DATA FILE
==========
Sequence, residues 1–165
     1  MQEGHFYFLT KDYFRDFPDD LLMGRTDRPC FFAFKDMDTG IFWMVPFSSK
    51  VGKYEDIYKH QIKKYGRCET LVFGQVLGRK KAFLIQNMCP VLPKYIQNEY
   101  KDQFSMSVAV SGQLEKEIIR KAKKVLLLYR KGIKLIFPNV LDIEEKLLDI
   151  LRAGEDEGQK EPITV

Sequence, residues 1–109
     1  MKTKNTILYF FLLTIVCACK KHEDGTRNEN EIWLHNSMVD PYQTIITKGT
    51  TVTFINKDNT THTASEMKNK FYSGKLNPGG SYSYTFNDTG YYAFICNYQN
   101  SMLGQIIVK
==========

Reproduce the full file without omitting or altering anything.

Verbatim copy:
Sequence, residues 1–165
     1  MQEGHFYFLT KDYFRDFPDD LLMGRTDRPC FFAFKDMDTG IFWMVPFSSK
    51  VGKYEDIYKH QIKKYGRCET LVFGQVLGRK KAFLIQNMCP VLPKYIQNEY
   101  KDQFSMSVAV SGQLEKEIIR KAKKVLLLYR KGIKLIFPNV LDIEEKLLDI
   151  LRAGEDEGQK EPITV

Sequence, residues 1–109
     1  MKTKNTILYF FLLTIVCACK KHEDGTRNEN EIWLHNSMVD PYQTIITKGT
    51  TVTFINKDNT THTASEMKNK FYSGKLNPGG SYSYTFNDTG YYAFICNYQN
   101  SMLGQIIVK